Freelance Producer Decides Not to ‘Drop the Fucking Lawsuit Against ABC’

ABC News’s frustrations over a bizarre, years-long battle with Gregory Slate, a litigious freelance investigative reporter, came to a head this month, when Nathan Siegel, the network’s counsel, got into a physical tug-of-war with Mr. Slate during a deposition hearing. It began when Mr. Siegel handed Mr. Slate, who is representing himself, a document he had requested. Then Mr. Siegel suddenly remembered it had been printed on both sides and had confidential information on the back. 

The copyright infringement suit is now in the US District Court in D.C., but it concerns undercover footage of cops drunk on duty in Chicago and witnesses deposed everywhere from Tallahassee to New York, including anchor Elizabeth Vargas. 

Mr. Slate claims to have obtained the bad cop tape for a story pitched individually to 20/20 producer Glenn Ruppel in 2007, with the understanding it was worth six figures, although that piece eventually fell through. After bits of the Chicago footage aired in May 2008 in entirely different segment, Mr. Slate cried foul. ABC contends they have paid for the work via Mr. Slate’s former associate Diop Kamau, a shady former cop and police abuse expert.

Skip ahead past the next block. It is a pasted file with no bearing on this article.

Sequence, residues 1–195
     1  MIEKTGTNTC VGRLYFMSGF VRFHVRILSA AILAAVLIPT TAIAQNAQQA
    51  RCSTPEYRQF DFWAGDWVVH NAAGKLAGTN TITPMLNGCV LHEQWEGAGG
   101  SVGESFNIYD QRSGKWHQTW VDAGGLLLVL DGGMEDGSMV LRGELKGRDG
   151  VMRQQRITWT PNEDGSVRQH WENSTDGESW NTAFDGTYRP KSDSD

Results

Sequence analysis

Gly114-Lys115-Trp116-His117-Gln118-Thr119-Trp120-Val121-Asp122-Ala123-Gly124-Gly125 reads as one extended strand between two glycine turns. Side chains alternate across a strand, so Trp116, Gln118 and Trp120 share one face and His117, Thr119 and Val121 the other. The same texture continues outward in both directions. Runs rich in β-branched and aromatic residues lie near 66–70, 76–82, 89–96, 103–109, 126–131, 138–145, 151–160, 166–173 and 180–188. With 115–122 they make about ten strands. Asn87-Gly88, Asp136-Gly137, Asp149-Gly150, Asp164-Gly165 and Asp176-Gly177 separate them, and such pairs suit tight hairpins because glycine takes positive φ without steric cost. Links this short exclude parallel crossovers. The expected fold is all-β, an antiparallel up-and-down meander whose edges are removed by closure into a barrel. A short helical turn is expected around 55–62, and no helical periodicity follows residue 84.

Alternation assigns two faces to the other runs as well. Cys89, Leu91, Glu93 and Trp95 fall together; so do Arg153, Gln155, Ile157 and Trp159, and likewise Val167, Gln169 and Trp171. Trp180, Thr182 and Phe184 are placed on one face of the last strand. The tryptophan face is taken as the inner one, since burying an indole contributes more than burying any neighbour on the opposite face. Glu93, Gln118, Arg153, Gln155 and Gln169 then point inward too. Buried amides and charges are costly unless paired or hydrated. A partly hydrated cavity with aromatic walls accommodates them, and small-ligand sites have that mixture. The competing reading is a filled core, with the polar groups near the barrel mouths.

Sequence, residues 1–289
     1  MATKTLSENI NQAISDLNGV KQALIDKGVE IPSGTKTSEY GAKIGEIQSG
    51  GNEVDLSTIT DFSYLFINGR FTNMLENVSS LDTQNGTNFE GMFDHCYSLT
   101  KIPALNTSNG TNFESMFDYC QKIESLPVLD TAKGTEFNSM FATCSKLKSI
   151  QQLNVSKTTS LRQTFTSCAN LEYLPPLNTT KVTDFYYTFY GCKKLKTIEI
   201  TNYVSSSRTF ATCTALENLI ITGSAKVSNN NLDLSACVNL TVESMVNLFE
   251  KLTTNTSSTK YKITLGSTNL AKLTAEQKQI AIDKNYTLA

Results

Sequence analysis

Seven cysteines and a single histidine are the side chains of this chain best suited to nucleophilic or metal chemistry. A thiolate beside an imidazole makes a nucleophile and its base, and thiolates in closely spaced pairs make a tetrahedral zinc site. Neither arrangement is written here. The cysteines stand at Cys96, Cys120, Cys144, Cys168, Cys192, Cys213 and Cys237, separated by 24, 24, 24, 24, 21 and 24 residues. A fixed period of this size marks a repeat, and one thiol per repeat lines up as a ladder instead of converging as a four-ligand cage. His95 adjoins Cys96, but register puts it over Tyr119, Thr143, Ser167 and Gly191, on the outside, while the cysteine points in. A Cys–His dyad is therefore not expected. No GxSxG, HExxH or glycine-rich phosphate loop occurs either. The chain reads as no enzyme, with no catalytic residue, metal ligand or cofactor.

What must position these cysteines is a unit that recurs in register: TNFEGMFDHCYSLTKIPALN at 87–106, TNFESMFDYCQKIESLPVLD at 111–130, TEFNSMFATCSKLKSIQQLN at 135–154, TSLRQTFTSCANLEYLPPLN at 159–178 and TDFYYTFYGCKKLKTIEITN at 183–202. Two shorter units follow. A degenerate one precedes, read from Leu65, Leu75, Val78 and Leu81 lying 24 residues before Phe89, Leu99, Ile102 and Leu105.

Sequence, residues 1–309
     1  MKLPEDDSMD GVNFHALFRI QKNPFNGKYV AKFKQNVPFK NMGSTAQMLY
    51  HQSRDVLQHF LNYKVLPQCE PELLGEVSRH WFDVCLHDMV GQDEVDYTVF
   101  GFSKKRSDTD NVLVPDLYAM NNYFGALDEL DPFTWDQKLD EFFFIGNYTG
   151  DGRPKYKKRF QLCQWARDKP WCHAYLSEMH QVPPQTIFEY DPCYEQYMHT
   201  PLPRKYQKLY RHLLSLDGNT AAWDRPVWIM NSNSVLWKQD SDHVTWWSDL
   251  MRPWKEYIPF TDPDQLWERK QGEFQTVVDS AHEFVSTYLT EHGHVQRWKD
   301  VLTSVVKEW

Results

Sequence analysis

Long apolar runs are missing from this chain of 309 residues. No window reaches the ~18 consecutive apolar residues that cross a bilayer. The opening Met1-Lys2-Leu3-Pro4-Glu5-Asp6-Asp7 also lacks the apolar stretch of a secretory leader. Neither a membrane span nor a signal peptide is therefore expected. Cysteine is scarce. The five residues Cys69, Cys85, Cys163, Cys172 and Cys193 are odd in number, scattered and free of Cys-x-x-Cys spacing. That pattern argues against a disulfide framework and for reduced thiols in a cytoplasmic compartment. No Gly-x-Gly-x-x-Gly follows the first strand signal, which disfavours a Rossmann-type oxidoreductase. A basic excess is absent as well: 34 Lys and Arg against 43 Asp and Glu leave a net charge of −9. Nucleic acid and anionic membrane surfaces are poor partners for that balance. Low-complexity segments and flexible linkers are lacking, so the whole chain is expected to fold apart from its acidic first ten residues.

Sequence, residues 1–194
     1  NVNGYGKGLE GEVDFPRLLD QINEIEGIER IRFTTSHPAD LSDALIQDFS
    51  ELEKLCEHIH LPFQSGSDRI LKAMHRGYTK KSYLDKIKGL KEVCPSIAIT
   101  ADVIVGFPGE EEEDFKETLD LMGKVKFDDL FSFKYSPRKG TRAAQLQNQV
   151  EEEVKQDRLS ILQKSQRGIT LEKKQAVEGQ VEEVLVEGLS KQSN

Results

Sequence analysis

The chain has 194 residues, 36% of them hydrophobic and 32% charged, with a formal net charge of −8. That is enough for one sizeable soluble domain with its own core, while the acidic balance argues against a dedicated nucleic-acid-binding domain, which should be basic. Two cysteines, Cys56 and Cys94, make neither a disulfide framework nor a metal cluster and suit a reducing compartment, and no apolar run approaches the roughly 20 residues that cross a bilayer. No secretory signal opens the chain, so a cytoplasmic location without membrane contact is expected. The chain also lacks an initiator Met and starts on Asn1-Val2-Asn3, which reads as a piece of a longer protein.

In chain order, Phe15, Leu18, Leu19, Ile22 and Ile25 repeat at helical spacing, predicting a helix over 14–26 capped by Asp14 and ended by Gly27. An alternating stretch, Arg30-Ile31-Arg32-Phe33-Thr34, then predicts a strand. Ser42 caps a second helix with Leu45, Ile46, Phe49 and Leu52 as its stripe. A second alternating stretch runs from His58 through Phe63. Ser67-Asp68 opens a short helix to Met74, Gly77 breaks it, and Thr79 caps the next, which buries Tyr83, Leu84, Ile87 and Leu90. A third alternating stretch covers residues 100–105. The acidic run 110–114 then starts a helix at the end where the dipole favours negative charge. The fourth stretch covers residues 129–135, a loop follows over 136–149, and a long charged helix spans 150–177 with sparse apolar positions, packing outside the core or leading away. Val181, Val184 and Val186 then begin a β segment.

As if it weren’t hard enough to win a copyright infringement case pro se, the suit has brought a cast of seedy characters, not all of whom have been contracted by ABC News, out of the woodwork.

In 2009, Mr. Slate obtained a restraining order against Mr. Kamau, whom he alleges threatened to burn his house down and cause his family bodily harm after becoming aware of the impending lawsuit. Mr. Kamau also allegedly published websites threatening Mr. Slate (and featuring copyrighted ABC materials). There is a warrant for his arrest for contempt of court in Washington D.C.

In September, a private investigator affiliated with Mr. Kamau, Greg Miller, allegedly accosted Mr. Slate at home, shoving Mr. Slate and screaming “Drop that fucking lawsuit against ABC!” before fleeing. Mr. Miller was arrested and given a citation for simple assault, but the charges were later dropped. 

ABC News does not comment on pending litigation. 

Ms. Vargas, who anchored the episode which aired Mr. Slate’s footage, recently filed an affidavit claiming total ignorance of the segment or its means of production. 

Lucky her.  Freelance Producer Decides Not to ‘Drop the Fucking Lawsuit Against ABC’